Curriculum at Nova
Nova’s curriculum has been developed through collaboration between the parent-led Curriculum Committee, the faculty of Nova, and outside experts. It represents the vanguard of modern scholarship within the classical model. Our curriculum is both age-appropriate and accelerated; we push all students to achieve higher levels of competence at all times.
In all grades, history is the guiding principle. For example, as students study Ancient Greece in grade-five history class, they are also studying Ancient Grecian art, music, and literature. History is divided into four eras. Each era is studied in a four-year cycle, beginning with grade one. This allows for each period in history to be visited three times, once in each stage of the trivium (grammar, logic, and rhetoric). This “spiraling” allows for students to build from a broader to a deeper understanding of history, work with more sophisticated primary texts, and develop a clearer conception of how ideas have unfolded over time.
- Prehistory to the fall of Rome (grades 1, 5, 9)
- The fall of Rome to the Renaissance (grades 2, 6, 10)
- The Renaissance to the Industrial Revolution (grades 3, 7, 11)
- The Industrial Revolution to the present day (grades 4, 8, 12
K-12: Curriculum Overview
Rhetoric: 2020-21 Course Guide
The Trivium at Nova
Classical education rests on the concept of the Trivium: grammar, logic, and rhetoric—not as subjects, although these subjects are studied, but as the structure of every subject and discipline.
Every subject we attempt to learn, at any time in our lives, has its grammar, logic, and rhetoric, from reading and math, to gardening and law, to music and auto mechanics.
Grammar is the foundation of a subject. It is the collection of its parts and the mechanics of how they work. Without an understanding of the facts, no one can move forward. In the Grammar stage (K–5), students are exposed to a barrage of data in all subjects. This is the time in their lives when students readily absorb data and are able to repeat it. Sayers calls this stage the Poll-Parrot stage, where children can repeat back what the hear. The focus during the Grammar stage is for students to learn a great deal of information, but not necessarily to understand its meaning or importance. (click for detail)
Logic is the organization of parts into a whole and an understanding of the relationships among the parts. Students in the Logic stage re-visit the data they have learned and begin to develop their analytical skills by connecting together themes, ideas, and causes. For example, while students in fourth grade may learn of the United States Civil War, students in eighth grade learn about the precipitating causes, and can connect these themes to other conflicts like the Restoration, the French Revolution, and the Spanish Civil War. Sayers calls this stage the Pert stage because students are less accepting of authority and seek to define their own understandings. In the Logic stage, we encourage this critical bent by honing analytical skills. (click for detail)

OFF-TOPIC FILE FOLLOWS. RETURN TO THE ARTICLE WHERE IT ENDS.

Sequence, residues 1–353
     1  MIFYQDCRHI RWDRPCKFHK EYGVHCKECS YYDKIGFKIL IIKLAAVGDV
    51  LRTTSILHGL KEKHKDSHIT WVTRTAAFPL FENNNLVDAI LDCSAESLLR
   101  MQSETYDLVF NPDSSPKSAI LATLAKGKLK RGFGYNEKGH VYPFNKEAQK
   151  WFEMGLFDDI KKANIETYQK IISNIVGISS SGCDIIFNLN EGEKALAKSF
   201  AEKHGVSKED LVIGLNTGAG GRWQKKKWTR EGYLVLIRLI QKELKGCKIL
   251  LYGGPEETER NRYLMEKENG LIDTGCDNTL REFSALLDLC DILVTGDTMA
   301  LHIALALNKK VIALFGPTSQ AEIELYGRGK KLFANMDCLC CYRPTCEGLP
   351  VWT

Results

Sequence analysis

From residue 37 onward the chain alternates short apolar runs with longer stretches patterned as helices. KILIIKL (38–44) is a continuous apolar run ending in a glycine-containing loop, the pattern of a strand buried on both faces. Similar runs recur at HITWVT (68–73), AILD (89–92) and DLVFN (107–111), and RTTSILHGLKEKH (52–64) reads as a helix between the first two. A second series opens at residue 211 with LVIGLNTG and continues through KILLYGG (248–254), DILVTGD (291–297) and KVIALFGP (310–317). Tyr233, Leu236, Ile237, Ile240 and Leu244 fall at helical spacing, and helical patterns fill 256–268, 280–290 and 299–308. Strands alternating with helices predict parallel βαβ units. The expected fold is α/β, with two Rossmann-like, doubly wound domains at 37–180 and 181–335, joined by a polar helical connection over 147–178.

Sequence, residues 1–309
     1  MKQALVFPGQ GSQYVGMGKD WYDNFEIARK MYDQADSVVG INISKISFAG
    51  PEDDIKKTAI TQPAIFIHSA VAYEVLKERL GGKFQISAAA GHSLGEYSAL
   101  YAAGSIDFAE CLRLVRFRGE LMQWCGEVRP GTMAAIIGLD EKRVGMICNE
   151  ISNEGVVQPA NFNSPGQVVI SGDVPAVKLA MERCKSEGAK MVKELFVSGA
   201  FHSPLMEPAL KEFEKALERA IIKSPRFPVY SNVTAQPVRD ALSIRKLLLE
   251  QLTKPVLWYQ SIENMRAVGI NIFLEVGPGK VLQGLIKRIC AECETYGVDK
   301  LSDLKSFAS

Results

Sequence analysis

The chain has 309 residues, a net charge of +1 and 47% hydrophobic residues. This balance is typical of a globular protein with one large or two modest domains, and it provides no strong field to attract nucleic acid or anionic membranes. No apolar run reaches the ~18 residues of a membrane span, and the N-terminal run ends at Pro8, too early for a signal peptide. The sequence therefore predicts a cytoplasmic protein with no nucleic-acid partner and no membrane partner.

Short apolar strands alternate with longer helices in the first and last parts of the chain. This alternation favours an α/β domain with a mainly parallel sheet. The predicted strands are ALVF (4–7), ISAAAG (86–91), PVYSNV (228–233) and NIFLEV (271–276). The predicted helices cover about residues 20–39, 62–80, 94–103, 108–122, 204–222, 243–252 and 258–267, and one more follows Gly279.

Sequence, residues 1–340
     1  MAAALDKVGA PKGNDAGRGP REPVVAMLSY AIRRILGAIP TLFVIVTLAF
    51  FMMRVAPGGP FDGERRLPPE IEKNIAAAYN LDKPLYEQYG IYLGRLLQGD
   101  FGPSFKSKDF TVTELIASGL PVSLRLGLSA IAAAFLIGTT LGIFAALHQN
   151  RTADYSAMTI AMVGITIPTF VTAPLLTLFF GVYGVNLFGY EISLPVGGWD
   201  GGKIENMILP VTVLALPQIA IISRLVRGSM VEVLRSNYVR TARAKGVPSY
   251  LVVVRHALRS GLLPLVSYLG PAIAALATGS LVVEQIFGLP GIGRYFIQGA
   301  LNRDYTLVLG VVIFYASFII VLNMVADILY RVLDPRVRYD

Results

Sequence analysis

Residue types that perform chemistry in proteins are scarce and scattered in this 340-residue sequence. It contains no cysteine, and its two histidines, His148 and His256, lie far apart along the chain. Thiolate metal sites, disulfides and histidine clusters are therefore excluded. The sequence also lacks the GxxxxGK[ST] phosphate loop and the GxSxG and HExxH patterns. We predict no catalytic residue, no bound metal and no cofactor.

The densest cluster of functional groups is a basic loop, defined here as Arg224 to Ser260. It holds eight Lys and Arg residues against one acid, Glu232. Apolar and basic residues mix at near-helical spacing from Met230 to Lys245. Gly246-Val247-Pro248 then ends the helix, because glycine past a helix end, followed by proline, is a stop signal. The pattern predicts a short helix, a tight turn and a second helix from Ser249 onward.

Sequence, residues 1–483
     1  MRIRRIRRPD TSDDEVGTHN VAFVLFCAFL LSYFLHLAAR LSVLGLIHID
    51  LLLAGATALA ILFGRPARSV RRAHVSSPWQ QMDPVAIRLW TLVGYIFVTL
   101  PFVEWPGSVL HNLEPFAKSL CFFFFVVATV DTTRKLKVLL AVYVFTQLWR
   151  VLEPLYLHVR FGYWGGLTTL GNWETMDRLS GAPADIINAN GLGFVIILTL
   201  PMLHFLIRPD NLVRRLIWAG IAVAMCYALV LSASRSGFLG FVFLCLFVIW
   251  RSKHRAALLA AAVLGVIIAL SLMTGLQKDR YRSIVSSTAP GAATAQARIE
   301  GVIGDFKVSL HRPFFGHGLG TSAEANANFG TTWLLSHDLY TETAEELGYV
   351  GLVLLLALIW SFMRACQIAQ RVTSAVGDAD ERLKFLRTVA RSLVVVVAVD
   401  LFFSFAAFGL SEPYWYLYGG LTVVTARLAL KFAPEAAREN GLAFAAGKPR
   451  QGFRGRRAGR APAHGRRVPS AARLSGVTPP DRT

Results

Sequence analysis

Rhetoric is the ability to apply the foundational knowledge and logical understanding of a subject purposefully and creatively to solve a problem, express an opinion with clarity, or create something new. In the Rhetoric stage, students build upon what they have learned before: they have a solid foundation of facts (grammar), an understanding of how they all fit together, and why (logic). Now it is time for a student (young scholar) to make an argument. Everyone must put forth his/her answers to the great questions of time to take part in what Mortimer Adler called “The Great Conversation.” Sayers calls this stage the Poetic stage, referring to the Greek work poeia, meaning to make or to create. Students must create their own ideas and place them intellectually and morally within the context of the ideas which have preceded them. (click for detail)
Students at Nova receive homework regularly. Homework is integral to a student moving forward in a rigorous school. Nova’s position on homework is as follows: Homework is an invaluable tool to the learning process. It fulfills both academic and character education ends. At the same time, we recognize that students need leisure to relax, pursue other interests, and spend time with family. When we design and assign homework at Nova, we understand its three primary academic purposes to be:
- Preparation—allows the student to prepare for a challenging lesson by grounding him/herself in introductory materials. In turn, this allows for class presentations and discussions to be more engaging.
- Reinforcement—allows the student to practice concepts introduced in class to attain familiarity.
- Mastery—allows the student to practice concepts to the point of personal proficiency (necessary to move forward in a skills-based curriculum). In addition to the academic goals of homework, homework serves ends towards character education: it builds up the qualities in a child necessary to success throughout life, like discipline, planning, decision-making, and accepting responsibility for one’s actions.